While getting a divorce at any age can be one of the most challenging life changes you will ever face, when you decide to get a divorce at age 50 or older, the situation can be even more complicated and difficult. How will your older sons and daughters react? What will happen with your retirement accounts? What about health insurance? How will you be able to start over at such an older age? There are many issues to consider, and that is the main reason finding an experienced divorce attorney is critical to your success.
Distinct Differences When Divorcing After 50
While many of the usual issues considered during divorce are also relevant to a divorce late in life, there are some actions that need to be approached differently or with extra caution when you are 50 or older. Major differences to take into account when divorcing after 50 include:
Development of an Asset Inventory: In many cases, only one spouse will have a comprehensive understanding of the marital assets possessed by a married couple. For the fairest results during a divorce, both sides must have an in-depth knowledge of their assets. After all, by 50, you and your spouse have probably been accumulating property for many years. This includes life insurance policies, retirement accounts, and the house.
Understanding of the Retirement Accounts: As you approach retirement age, you are going to want to have all your finances sorted out in such a way that your golden years remain golden. While you will not have the retirement you planned with your spouse, and you might not get everything you were expecting during retirement after the divorce, there are ways to fairly divide the assets in retirement accounts. When dividing these assets, a Qualified Domestic Relations Order (QDRO) should be used to avoid any penalties or taxes that would come with withdrawal of funds before reaching retirement age.
Ensuring Health Insurance Coverage: At your age, having good health is particularly important, so you will need to make sure you have coverage. If you are not yet qualified for Medicare, your options may be limited to using COBRA to stay on your spouse’s insurance until you find other solutions, insurance through your current employer (if you have one), or insurance through the Healthcare Marketplace. If you would prefer to stay on your spouse’s insurance indefinitely, a legal separation might be a preferable option instead of divorce.
Attainment or Maintenance of a Life Insurance Policy: You and your spouse are both not getting any younger. It is just as important—if not more important—to get life insurance policies figured out upon divorce as it is while married, especially if one spouse will be paying spousal maintenance or child support. While term life insurance is not taken into account during divorce, permanent life insurance is counted as a marital asset and must be dealt with as such. In particular, if you or your spouse do not already have a permanent life insurance policy, you or your spouse might want to ask for one in divorce to protect the rights to alimony, child support, and retirement/pension benefits if a spouse dies. If either spouse already has a permanent life insurance policy with the other spouse as the beneficiary, you are free to change the beneficiary of the policy, unless ordered otherwise by the judge in your case.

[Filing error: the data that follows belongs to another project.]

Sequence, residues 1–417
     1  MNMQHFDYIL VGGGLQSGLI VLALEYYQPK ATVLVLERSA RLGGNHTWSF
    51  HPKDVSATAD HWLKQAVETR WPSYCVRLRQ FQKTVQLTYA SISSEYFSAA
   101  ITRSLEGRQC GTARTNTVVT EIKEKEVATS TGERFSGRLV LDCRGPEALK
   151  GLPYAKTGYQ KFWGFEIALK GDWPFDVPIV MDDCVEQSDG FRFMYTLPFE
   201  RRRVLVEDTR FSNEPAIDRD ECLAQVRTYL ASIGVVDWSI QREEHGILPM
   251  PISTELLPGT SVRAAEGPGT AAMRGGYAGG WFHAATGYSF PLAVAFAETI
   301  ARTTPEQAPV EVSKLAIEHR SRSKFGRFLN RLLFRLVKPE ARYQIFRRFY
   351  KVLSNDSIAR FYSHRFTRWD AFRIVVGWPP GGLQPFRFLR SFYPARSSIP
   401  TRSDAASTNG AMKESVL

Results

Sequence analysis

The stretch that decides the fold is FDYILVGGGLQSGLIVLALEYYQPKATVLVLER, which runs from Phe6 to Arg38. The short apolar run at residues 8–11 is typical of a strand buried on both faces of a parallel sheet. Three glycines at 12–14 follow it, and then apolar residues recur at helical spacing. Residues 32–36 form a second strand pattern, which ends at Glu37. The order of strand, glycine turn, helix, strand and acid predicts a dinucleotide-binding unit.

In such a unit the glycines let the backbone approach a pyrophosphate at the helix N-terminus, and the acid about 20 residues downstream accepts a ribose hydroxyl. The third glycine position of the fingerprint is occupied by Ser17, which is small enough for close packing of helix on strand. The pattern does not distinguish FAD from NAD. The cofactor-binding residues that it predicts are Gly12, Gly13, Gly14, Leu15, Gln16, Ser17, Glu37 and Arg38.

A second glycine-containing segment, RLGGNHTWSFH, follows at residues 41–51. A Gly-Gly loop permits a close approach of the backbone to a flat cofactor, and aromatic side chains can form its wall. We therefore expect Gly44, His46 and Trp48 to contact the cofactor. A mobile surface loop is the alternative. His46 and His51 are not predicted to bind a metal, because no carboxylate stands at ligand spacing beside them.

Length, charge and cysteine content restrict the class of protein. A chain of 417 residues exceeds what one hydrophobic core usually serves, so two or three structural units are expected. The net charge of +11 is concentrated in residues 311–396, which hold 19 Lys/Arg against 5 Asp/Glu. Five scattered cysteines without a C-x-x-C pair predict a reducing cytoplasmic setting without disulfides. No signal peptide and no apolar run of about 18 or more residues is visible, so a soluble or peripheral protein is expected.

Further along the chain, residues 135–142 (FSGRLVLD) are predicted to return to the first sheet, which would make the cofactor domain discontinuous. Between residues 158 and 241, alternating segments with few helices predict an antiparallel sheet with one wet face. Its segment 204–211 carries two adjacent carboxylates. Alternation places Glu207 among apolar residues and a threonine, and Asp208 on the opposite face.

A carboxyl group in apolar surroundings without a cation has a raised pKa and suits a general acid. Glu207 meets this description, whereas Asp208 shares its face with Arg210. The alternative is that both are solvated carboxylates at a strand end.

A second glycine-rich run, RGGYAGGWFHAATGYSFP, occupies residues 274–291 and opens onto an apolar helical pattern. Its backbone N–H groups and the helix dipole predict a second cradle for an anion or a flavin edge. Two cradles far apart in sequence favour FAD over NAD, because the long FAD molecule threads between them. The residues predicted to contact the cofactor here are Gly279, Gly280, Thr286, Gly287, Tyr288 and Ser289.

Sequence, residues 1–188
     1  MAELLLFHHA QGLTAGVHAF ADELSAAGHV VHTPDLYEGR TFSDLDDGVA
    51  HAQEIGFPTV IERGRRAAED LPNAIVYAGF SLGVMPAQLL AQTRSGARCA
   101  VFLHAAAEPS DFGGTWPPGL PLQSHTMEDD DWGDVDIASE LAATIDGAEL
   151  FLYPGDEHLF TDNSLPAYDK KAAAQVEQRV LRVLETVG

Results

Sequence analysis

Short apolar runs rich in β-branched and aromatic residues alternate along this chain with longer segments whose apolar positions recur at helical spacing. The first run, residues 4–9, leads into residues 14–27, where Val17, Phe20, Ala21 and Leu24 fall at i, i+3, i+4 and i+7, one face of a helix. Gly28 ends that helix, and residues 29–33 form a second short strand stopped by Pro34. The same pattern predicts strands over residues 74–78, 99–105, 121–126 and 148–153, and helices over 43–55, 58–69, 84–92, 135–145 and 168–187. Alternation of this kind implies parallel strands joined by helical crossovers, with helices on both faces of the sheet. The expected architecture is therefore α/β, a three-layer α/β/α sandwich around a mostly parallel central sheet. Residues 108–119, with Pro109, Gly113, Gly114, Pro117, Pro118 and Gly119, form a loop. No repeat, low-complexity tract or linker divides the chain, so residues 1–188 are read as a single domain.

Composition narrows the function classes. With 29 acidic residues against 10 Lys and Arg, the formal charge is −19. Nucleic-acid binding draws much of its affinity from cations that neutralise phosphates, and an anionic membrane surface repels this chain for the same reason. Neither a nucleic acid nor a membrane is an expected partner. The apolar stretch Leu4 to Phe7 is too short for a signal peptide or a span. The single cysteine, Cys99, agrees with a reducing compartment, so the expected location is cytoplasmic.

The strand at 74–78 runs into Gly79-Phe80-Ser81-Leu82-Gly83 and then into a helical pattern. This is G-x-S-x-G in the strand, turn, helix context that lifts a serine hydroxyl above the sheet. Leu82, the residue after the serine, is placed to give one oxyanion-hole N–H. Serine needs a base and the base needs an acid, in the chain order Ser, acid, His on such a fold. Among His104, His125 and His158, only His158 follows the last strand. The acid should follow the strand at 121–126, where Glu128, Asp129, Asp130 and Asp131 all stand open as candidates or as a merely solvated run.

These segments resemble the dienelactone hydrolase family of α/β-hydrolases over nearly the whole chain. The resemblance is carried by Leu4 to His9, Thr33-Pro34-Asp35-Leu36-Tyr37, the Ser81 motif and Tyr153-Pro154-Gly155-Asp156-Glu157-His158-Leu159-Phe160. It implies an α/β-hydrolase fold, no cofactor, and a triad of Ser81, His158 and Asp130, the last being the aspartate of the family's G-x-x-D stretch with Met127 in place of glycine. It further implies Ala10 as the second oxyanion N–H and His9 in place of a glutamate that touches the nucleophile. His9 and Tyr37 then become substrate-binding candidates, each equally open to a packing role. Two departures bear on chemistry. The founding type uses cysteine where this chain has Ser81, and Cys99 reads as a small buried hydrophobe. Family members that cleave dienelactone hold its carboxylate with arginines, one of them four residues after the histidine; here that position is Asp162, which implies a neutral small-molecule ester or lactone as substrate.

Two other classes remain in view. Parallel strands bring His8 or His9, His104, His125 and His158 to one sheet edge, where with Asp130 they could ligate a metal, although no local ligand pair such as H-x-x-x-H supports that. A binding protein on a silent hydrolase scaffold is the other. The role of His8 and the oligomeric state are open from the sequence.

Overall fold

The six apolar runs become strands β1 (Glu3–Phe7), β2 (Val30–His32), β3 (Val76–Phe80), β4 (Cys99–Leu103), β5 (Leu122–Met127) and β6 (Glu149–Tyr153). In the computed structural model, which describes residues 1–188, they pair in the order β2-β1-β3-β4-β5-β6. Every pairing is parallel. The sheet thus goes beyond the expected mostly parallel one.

Deciding What to Do With the House: If you are not an empty-nester yet, you may want to continue living in your marital home after your divorce. However, you will need to be prepared for the day when your children leave the home. If you have no children at home, you may want to consider what you will end up doing with the house. Upkeep at your age can be both taxing and expensive, and if your house is not paid off, you may struggle with mortgage payments, property taxes, and other expenses.
Be Prepared for the Job Market If Necessary: As you approach retirement, getting a job can become much more difficult. If being divorced will put you in a financial position that will require you to get back onto the job market, do not be surprised to hear that you are “overqualified” or other rejections that might be related to your age. Conversely, if you feel at a disadvantage due to your lack of training or education, you may want to ask for your spouse to contribute toward your professional development. If your spouse agrees to spousal support that will help pay for your tuition at a local school, for instance, then you will be able to receive the necessary training to start a new job. This will make it much easier for you to manage the finances for yourself without your spouse.
Contact a Wheaton Grey Divorce Attorney
As you can see, there are many unique challenges facing people who wish to get divorced after the age of 50; however, you do not have to face this difficult decision on your own. Our DuPage County divorce lawyers can help you every step of the way, no matter how complicated your divorce gets due to the late stage in your life. For a free consultation, reach out to us at 630-871-1002.